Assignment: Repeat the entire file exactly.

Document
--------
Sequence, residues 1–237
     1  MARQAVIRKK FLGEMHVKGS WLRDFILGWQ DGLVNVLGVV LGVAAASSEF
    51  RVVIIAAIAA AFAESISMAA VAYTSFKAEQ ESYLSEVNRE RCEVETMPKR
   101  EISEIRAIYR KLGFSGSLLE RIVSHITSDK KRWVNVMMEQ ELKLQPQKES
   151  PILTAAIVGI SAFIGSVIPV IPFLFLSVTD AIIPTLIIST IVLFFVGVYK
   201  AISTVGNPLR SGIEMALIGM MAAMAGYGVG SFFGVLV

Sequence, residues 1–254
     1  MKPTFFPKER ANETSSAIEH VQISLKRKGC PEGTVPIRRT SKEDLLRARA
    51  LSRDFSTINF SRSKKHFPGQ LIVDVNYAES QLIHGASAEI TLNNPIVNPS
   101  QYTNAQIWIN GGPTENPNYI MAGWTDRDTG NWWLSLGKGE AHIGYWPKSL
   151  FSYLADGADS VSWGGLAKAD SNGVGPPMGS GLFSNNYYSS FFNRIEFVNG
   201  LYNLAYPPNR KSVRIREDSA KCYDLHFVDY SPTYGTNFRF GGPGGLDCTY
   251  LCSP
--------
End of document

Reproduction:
Sequence, residues 1–237
     1  MARQAVIRKK FLGEMHVKGS WLRDFILGWQ DGLVNVLGVV LGVAAASSEF
    51  RVVIIAAIAA AFAESISMAA VAYTSFKAEQ ESYLSEVNRE RCEVETMPKR
   101  EISEIRAIYR KLGFSGSLLE RIVSHITSDK KRWVNVMMEQ ELKLQPQKES
   151  PILTAAIVGI SAFIGSVIPV IPFLFLSVTD AIIPTLIIST IVLFFVGVYK
   201  AISTVGNPLR SGIEMALIGM MAAMAGYGVG SFFGVLV

Sequence, residues 1–254
     1  MKPTFFPKER ANETSSAIEH VQISLKRKGC PEGTVPIRRT SKEDLLRARA
    51  LSRDFSTINF SRSKKHFPGQ LIVDVNYAES QLIHGASAEI TLNNPIVNPS
   101  QYTNAQIWIN GGPTENPNYI MAGWTDRDTG NWWLSLGKGE AHIGYWPKSL
   151  FSYLADGADS VSWGGLAKAD SNGVGPPMGS GLFSNNYYSS FFNRIEFVNG
   201  LYNLAYPPNR KSVRIREDSA KCYDLHFVDY SPTYGTNFRF GGPGGLDCTY
   251  LCSP